At one of the most challenging times in your life, after the death of a loved one, it seems like there is a never-ending list of things to manage. Properly disposing of your loved one’s prescription medications and controlled substances may not be at the top of your list, but children or pets can be harmed if they are easily accessed and not properly disposed of. In addition, there are laws governing the proper disposal of controlled substances.
What are Controlled Substances?
There are five categories or schedules of controlled substances. These were established in 1970 when the US Congress passed the Controlled Substances Act. Drugs, chemicals, and other substances may be placed into one of these categories:
- Schedule 1: drugs with no currently accepted medical use and a high potential for abuse
- Schedule II: dangerous drugs with a high potential for abuse and a high risk of severe psychological or physical dependence
- Schedule III: drugs with a moderate to low risk for physical and psychological dependence
- Schedule IV: drugs with a low potential for abuse and a low risk for dependence
- Schedule V: drugs with an even lower potential for abuse but contain limited quantities of narcotics
Act Governing Secure and Responsible Drug Disposal
In 2010, Congress passed The Secure and Responsible Drug Disposal Act to address the growing concern about prescription drug misuse, especially among teenagers. This Act expanded the ways people who legally possessed controlled substances could deliver unused and unwanted controlled substance medication to individuals and agencies so it could be safely disposed of using collection receptacles, mail-back packaging, and take-back events.
The law states:
“If a person dies while lawfully in possession of a controlled substance for personal use, any person lawfully entitled to dispose of the decedent’s property may deliver the controlled substance to another person for the purpose of disposal under the same conditions as provided in paragraph (1) for an ultimate user.”
Three-Step Process for Safely Disposing of Controlled Substances
If a hospice or healthcare facility will not dispose of your loved one’s controlled substance medications and there is no package insert to explain how the medication can be safely disposed of, follow these steps.
Step 1: See if there is a local take-back site or program
Enter your zip code on this Drug Enforcement Agency (DEA) website to see where there are local controlled substance public disposal locations. You can also ask at your local pharmacies or a police station.
Remove all personal information before dropping controlled substances off at a take-back site. Once medications are dropped off at a take-back site, they will be safely destroyed. The FDA does not endorse donating unused medications.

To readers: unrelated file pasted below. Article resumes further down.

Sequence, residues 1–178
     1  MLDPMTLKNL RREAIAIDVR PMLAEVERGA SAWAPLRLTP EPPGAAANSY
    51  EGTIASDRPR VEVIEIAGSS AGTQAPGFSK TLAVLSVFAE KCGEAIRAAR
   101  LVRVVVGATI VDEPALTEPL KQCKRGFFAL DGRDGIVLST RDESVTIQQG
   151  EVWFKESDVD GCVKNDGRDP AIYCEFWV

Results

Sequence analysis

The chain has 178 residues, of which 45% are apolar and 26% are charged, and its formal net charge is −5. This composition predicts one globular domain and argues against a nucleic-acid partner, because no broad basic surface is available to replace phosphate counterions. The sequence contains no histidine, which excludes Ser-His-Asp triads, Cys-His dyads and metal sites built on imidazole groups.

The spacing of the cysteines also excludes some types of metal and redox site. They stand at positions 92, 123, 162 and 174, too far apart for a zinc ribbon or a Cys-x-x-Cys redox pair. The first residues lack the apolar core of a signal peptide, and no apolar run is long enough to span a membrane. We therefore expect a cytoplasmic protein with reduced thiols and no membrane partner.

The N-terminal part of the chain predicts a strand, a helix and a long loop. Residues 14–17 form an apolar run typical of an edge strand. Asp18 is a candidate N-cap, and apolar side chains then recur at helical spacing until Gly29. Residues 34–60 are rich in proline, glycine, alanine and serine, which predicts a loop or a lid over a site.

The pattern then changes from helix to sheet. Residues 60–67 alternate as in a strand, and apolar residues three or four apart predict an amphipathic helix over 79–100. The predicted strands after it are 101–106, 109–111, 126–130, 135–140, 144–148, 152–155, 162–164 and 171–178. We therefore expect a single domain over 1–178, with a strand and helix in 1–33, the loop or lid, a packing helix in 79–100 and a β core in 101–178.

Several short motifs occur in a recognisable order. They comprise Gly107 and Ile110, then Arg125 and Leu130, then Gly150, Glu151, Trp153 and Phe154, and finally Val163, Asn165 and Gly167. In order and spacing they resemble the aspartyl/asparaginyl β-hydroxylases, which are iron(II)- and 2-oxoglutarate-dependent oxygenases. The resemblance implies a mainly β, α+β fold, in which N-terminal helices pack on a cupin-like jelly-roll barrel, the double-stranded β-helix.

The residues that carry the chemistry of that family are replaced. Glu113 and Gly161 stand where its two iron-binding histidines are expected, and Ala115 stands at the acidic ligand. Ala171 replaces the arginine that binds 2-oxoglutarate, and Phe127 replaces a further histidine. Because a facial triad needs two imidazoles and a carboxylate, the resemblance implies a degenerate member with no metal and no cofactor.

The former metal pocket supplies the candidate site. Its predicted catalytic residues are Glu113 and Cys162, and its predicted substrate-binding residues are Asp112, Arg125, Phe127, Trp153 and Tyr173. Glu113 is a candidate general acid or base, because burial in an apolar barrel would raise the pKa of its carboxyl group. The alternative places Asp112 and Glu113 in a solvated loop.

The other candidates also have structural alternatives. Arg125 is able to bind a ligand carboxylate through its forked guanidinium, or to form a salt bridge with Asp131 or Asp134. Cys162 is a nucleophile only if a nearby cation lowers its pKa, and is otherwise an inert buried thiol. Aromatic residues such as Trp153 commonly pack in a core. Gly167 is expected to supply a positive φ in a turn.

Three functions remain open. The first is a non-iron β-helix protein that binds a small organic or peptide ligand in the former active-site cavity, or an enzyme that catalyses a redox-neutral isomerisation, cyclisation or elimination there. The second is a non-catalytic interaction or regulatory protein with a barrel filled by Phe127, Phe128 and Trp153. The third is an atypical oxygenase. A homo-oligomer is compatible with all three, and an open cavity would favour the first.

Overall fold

Step 2: Determine if the controlled substance should be flushed
If you do not have access to a take-back site, the next step is to see whether the controlled substance is on the FDA’s flush list. The flush list contains medications that should be flushed down the toilet.
Medications on the flush list:
- Are ones that are sought-after for their abuse or potential misuse
- Can cause death from just one dose if taken inappropriately
Because these dangerous drugs can cause serious harm or death if you cannot take them to a take-back site, flush them down the toilet so they cannot be accidentally or purposely consumed. Please do not put them in the trash.
Experts say that most controlled substance medication in our water system results from eliminating them through urine or feces. Flushing them contributes a tiny amount. The FDA states that the risk from accidental exposure to the select medications on the flush list outweighs any potential environmental harm from flushing them.
Step 3: Put medications, not on the flush list in the trash
If you cannot find a take-back site that is local and accessible for you and the medication is not on the flush list, the next step is to dispose of it in the trash. Before placing it in the trash, you want to make it unpalatable and unpleasing to prevent accidental or intentional consumption.
- Mix liquid or pills with dirt, coffee grounds, or cat litter. Do not crush tablets or capsules.
- Seal the mixture in a plastic Ziplock bag to prevent any leakage into the other trash.
- Remove or obliterate any personal information on empty prescription bottles or packaging materials.
- Throw the sealed container containing the medication and the empty packaging material into the trash.
Taking these three steps can help you keep your family and community safer by preventing the opportunity for accidental or intentional consumption of controlled substance medications. If you need help handling any of your deceased loved one’s affairs or planning for your estate, please don’t hesitate to contact us.